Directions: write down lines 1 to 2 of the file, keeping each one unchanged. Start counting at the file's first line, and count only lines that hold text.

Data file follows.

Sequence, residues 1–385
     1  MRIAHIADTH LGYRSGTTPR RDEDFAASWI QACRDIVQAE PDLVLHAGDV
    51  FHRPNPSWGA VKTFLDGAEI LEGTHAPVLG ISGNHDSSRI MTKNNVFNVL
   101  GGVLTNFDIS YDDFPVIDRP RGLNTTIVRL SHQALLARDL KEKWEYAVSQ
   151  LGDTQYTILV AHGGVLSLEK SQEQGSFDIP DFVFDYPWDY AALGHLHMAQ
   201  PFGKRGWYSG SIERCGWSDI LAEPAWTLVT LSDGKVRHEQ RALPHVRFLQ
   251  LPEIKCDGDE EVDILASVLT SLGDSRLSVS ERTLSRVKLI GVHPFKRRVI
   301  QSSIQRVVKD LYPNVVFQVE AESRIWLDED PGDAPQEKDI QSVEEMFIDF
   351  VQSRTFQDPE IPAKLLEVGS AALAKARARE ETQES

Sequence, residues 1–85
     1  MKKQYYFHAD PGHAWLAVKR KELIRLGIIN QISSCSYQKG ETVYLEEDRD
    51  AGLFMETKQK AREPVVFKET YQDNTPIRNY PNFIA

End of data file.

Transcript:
Sequence, residues 1–385
     1  MRIAHIADTH LGYRSGTTPR RDEDFAASWI QACRDIVQAE PDLVLHAGDV